These 4 analysis tools can help a business significantly improve the business growth by bringing in due change in people practices. People practitioners can take the help from porter’s 5 forces to bring the people within the organization in line with the competitive goals that the organization aims to achieve by devising strategies that aim at increasing competitiveness. Similarly, with a STEEPLE analysis, a broader understanding of the business environment can be gauged and employees can be brought in line with changes that occur outside of the organization. With a TOWS matrix people, practitioners can ascertain the interconnection between the strengths, weaknesses, opportunities, and threats of the organization and to what extent the people of the organization contribute to each of these elements. The analysis of an Ansoff matrix can give insights on what specific aspects of the people within the organization can help the business move forward in the direction of either market augmentation or product augmentation (Chua, et al, 2019).
Principles of critical thinking
Critical thinking involves examining knowledge or any form of information with the help of supporting evidence and then drawing conclusions for effective decision-making. Critical thinking involves scrutinizing the available information according to the various positives and negatives that can be derived through it. All this is done to analyze the available data to foster a business case that is highly evidence-based. The principles of critical thinking are basic and objective in nature. In critical thinking, the subject in question has to be analyzed from a variety of vantage points by using different sources to gather appropriate evidence. Checking how accurate the evidence is one of the major principles on which critical thinking works. Checking flawed information and subjective biases holds its importance in critical thinking and decision-making. When a subject has been properly analyzed from the viewpoint of self then it should also be analyzed from the viewpoint of other authors and theorists to reach the best possible alternate. Checking the context of the data analysis is vital. Nothing should be trivial and unnecessary (Wilson, 2021). Due diligence to be applied in arguing why the decision chosen will be more beneficial than the various other decisions available is one of the conclusive steps of critical thinking. Critical thinking and subsequent decision-making at the end in people practices involve adequate representation of data and decisions derived from it so that the readers and followers can have acceptance towards the logical reasoning behind the decision taken.
When applying critical thinking in my own professional field I closely look at the principles stated and also get my team to adhere to these principles. In a situation where I have to deal with the issue of recruiting a new team for a newly developed role, I will look at the available channels of recruitment and assess which channel can give me the best possible candidates with an optimum level of costs. Further, I will assess the benefits and costs associated with filling some of the roles from internal sources of recruitment and why these sources can be preferred over the external ones (Kuhn, 2019). All this has to be done keeping in mind the departmental requirements in order to keep the flow of information logical and the gathering of information in an adequate context. All these analyses and thoughtful thinking can give me the tools to churn out the best candidates for the roles.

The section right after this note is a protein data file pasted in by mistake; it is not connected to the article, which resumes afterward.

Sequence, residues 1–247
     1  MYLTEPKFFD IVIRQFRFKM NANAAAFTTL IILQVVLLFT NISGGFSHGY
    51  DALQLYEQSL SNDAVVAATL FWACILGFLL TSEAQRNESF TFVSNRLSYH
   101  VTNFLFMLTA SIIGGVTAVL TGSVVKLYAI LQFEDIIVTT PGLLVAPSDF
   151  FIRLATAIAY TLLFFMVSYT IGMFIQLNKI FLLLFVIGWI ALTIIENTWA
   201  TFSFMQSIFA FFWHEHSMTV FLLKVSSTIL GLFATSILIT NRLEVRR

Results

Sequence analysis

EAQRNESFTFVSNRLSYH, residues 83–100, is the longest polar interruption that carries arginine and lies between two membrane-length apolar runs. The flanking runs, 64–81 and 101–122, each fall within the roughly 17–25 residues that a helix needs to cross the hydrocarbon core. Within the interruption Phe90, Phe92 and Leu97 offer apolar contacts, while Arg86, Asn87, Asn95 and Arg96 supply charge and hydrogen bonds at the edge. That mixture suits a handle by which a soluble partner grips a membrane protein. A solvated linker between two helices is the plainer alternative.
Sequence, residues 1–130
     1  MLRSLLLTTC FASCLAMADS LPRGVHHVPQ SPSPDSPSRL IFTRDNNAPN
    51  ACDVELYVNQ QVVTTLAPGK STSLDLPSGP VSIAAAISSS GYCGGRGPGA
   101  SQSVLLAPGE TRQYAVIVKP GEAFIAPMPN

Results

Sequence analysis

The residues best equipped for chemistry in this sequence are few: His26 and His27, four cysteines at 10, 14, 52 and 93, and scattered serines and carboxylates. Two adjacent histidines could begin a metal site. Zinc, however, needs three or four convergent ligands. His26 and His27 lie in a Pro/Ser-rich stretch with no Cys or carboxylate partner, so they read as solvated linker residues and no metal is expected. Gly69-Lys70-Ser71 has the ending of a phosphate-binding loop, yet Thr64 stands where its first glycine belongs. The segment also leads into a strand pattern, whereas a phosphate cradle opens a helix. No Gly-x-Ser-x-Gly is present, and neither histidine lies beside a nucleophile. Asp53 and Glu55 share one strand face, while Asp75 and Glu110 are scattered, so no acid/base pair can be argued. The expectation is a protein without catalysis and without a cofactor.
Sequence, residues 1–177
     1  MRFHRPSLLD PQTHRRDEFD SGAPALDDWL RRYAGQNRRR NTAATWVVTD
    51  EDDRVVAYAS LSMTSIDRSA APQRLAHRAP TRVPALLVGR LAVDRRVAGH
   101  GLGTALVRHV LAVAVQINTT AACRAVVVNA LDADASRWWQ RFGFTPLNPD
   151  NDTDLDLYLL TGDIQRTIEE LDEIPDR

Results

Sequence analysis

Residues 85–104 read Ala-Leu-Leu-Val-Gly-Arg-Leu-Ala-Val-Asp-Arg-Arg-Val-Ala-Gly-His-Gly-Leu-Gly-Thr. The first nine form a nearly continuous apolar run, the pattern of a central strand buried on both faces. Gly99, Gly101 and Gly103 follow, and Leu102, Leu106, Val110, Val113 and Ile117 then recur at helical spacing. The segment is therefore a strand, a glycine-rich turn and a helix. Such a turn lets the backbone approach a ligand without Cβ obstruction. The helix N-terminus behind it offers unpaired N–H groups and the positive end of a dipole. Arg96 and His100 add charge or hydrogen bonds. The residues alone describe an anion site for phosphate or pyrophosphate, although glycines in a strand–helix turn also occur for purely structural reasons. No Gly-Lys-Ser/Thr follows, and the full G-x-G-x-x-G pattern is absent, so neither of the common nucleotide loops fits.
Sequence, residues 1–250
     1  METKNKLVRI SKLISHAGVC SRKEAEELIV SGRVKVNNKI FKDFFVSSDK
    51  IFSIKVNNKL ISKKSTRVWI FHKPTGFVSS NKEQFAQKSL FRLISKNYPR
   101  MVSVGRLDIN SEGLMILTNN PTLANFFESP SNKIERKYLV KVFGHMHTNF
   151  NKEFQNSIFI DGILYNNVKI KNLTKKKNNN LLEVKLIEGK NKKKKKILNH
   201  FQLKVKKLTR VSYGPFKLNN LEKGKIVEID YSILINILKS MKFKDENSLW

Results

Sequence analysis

Ethics and decision-making
Ethics is an important of people practices simply because of the fact that a human element is involved and it cannot always run on objectivity no matter how much a people practitioner tries. Ethics include the moral values within a culture, society, or organization that drive the attitude and beliefs of people within that ecosystem. In business acting more responsibly, professionally, and in an equitable manner forms the basic ideology of ethics.
One of the ethical theories is utilitarianism. It outlines the argument that decisions should be taken considering the net benefits that the decisions will provide to the majority of the people in question. This ethical theory goes beyond rules, laws, and policies to give what the majority wants. The theory looks at the end results rather than the means of getting to that end result. A utilitarian approach can be beneficial while making decisions that are long-term and will show up positive results in the future rather than on an immediate basis. From an organizational perspective if the majority of the employees are willing to integrate two departments to form a bigger department and are also willing to go on a strike if their demand is not fulfilled, then the business has to follow a utilitarian approach and look at the overall long term picture of the drastic effects a non-fulfillment in demand of employees can have. In this scenario, an organization has to take the decision of integration even if it asks to bend the rules and diverges from the interests of minority supervisory groups (Latan, et al, 2019).
One more ethical theory that is in prominence in the modern business environment is Altruism. It works upon the structure of selfless service. This ethical theory states that people have moral obligations towards the groups they are working in and should be willing to help the community at all times even if that means forgoing ones' own interests. This theory is highly helpful in enhancing the personal well-being on a mental stage. It is a highly respected approach and is tough to implement. However, if once implemented this can bring a level of personal connect and respect even in highly professional groups. In people practices this can help immensely as developing human connection and getting work done through them is the prime objective of people practitioners. For instance, if a manager forgoes a personal event in order to stay with the team to deliver a high priority project then it will have a positive impact on the people involved in the team and this will foster effective decision making as the decisions the managers make will be respectfully and whole-heartedly backed up by the team members (Avella, 2017).